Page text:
eLife digest
When subjects lie motionless inside scanners without any particular task to perform, their brains show stereotyped patterns of activity across regions known as resting state networks. Each network consists of areas with a common function, such as the ‘motor’ network or the ‘visual’ network. The role of resting state networks is unclear, but these spontaneous activity patterns are altered in disorders including autism, schizophrenia, and Alzheimer’s disease.
One puzzling feature of resting state networks is that they seem to last for relatively long times. However, the majority of studies into resting state networks have used fMRI brain scans, in which changes in the level of oxygen in the blood are used as a proxy for the activity of a given brain region. Since changes in blood oxygen occur relatively slowly, the ability of fMRI to detect rapid changes in activity is limited: it is thus possible that the long-lived nature of resting state networks is an artefact of the use of fMRI.
Now, Baker et al. have used a different type of brain scan known as an MEG scan to show that the activity of resting state networks is shorter lived than previously thought. MEG scanners measure changes in the magnetic fields generated by electrical currents in the brain, which means that they can detect alterations in brain activity much more rapidly than fMRI.
MEG recordings from the brains of nine healthy subjects revealed that individual resting state networks were typically stable for only 100 ms to 200 ms. Moreover, transitions between different networks did not occur randomly; instead, certain networks were much more likely to become active after others. The work of Baker et al. suggests that the resting brain is constantly changing between different patterns of activity, which enables it to respond quickly to any given situation.
PMCID: PMC3965210  PMID: 24668169
magnetoencephalography; resting state; connectivity; non-stationary; hidden Markov model; microstates; human
5.  European Population Substructure Correlates with Systemic Lupus Erythematosus Endophenotypes in North Americans of European Descent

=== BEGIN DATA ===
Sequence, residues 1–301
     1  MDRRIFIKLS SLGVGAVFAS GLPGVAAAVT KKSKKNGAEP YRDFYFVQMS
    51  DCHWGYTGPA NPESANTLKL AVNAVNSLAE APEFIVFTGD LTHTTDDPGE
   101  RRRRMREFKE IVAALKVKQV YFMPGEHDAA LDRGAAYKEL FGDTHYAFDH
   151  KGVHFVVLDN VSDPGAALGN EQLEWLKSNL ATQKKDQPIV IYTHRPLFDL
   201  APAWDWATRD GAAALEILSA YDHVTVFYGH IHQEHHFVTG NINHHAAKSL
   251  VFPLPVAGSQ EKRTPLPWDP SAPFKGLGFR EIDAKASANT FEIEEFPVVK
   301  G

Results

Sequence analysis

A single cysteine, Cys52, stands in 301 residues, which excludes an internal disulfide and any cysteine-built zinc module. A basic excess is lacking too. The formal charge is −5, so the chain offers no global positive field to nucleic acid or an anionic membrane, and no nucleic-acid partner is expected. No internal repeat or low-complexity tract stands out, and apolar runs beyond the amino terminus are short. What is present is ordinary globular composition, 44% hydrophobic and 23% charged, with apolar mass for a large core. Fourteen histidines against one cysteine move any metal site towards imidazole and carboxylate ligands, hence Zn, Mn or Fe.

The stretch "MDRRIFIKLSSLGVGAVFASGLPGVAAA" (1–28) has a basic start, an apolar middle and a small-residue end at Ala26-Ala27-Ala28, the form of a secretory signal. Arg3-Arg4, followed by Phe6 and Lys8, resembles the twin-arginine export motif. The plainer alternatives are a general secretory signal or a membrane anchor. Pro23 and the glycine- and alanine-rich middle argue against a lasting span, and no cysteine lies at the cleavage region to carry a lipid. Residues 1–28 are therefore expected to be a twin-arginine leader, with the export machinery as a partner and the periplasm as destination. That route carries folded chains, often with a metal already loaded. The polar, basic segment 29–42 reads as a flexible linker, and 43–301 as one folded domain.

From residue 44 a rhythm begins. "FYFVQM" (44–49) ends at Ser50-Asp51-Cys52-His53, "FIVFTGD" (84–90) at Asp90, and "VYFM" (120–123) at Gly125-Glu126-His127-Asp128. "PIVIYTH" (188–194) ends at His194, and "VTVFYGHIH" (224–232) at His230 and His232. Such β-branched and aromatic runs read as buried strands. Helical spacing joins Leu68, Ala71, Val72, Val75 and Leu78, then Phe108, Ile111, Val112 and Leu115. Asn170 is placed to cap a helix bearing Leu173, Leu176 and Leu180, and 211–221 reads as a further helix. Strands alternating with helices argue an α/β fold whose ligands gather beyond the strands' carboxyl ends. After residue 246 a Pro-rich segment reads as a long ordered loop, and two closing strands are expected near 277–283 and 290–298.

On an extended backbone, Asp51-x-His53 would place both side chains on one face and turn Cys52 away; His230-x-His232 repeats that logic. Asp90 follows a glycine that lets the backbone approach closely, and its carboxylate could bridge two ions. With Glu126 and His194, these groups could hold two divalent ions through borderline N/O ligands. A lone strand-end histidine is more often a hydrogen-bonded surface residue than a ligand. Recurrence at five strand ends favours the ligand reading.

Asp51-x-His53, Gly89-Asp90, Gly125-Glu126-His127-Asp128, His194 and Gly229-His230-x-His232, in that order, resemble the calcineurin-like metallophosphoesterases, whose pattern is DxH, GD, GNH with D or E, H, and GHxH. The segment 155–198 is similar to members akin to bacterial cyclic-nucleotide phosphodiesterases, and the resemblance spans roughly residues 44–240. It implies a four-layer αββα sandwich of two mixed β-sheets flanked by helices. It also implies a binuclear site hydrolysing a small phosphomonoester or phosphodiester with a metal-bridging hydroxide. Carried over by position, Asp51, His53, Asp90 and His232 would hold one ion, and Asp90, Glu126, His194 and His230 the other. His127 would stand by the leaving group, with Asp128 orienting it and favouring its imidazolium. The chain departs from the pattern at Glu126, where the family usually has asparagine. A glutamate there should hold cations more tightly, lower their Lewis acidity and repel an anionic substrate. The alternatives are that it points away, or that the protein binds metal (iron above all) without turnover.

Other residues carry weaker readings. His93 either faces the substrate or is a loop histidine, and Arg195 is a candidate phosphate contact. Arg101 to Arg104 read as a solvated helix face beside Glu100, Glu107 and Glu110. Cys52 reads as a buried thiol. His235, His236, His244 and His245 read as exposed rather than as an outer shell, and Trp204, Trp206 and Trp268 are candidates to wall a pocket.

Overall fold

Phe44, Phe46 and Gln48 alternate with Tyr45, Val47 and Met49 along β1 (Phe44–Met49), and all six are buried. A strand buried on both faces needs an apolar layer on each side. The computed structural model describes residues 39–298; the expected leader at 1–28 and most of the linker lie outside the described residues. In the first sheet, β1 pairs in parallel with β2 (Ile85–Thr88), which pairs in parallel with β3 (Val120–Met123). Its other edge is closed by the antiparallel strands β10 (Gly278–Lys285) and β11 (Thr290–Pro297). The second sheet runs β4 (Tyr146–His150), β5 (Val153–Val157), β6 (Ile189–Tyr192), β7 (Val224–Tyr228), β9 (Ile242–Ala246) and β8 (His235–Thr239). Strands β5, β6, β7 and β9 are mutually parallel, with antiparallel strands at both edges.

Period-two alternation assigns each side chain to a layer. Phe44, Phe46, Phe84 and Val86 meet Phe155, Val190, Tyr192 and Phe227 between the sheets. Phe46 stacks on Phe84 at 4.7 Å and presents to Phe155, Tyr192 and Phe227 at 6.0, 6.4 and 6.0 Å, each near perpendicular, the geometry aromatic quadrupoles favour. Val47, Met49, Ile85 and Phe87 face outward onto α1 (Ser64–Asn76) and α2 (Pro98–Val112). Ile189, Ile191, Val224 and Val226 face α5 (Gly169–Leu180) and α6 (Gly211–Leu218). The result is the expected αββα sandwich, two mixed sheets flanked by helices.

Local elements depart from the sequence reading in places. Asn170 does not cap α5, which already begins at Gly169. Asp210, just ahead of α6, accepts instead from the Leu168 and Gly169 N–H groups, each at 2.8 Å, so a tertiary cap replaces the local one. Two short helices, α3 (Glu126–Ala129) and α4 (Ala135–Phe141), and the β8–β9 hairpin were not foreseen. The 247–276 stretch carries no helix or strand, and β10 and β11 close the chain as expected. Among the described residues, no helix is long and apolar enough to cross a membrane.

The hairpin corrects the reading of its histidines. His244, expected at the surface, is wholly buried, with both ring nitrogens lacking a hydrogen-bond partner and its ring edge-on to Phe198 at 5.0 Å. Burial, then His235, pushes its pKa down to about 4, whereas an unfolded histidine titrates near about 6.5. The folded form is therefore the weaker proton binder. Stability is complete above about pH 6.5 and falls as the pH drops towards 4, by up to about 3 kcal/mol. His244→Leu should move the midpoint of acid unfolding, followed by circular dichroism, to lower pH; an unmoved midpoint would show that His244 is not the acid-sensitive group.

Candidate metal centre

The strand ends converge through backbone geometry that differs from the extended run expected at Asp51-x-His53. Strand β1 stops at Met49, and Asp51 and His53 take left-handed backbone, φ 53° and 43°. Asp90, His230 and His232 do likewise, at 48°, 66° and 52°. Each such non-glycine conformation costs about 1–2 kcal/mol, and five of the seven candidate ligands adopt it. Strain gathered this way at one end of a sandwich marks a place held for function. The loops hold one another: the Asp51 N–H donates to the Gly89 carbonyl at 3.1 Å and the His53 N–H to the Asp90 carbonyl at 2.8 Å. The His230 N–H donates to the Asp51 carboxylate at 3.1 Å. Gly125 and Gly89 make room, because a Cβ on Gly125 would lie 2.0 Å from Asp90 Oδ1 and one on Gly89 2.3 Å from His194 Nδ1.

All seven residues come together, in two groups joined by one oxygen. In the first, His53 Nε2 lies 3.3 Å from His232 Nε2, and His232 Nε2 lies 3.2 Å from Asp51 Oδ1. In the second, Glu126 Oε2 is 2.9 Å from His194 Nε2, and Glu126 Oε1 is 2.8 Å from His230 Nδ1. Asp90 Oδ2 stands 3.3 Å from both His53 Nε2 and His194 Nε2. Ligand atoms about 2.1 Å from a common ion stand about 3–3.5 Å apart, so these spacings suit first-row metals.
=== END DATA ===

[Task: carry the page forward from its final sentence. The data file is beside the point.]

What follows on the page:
Genes and immunity  2009;11(6):515-521.
Previous work has demonstrated that northern and southern European ancestries are associated with specific systemic lupus erythematosus (SLE) manifestations. Here, 1855 SLE cases of European descent were genotyped for 4965 single nucleotide polymorphisms and principal components analysis of genotype information was used to define population substructure. The first principal component (PC1) distinguished northern from southern European ancestry, PC2 differentiated eastern from western European ancestry, and PC3 delineated Ashkenazi Jewish ancestry. Compared to northern European ancestry, southern European ancestry was associated with autoantibody production (OR=1.40, 95% CI 1.07-1.83) and renal involvement (OR 1.41, 95% CI 1.06-1.87), and was protective for discoid rash (OR=0.51, 95% CI 0.32-0.82) and photosensitivity (OR=0.74, 95% CI 0.56-0.97). Both serositis (OR=1.46, 95% CI 1.12-1.89) and autoantibody production (OR=1.38, 95% CI 1.06-1.80) were associated with Western compared to Eastern European ancestry. Ashkenazi Jewish ancestry was protective against neurologic manifestations of SLE (OR=0.62, 95% CI 0.40-0.94). Homogeneous clusters of cases defined by multiple PCs demonstrated stronger phenotypic associations. Genetic ancestry may contribute to the development of SLE endophenotypes and should be accounted for in genetic studies of disease characteristics.
PMCID: PMC3951966  PMID: 19847193
Systemic lupus erythematosus; epidemiology; population substructure; genetics
6.  Heritability and Genome-wide Association Study To Assess Genetic Differences Between Advanced Age-Related Macular Degeneration Subtypes  
Ophthalmology  2012;119(9):1874-1885.
To investigate whether the two subtypes of advanced age-related macular degeneration (AMD), choroidal neovascularization (CNV) and geographic atrophy (GA), segregate separately in families and to identify which genetic variants are associated with these two subtypes.
Sibling correlation study and genome-wide association study (GWAS)
For the sibling correlation study, we included 209 sibling pairs with advanced AMD. For the GWAS, we included 2594 participants with advanced AMD subtypes and 4134 controls. Replication cohorts included 5383 advanced AMD participants and 15,240 controls.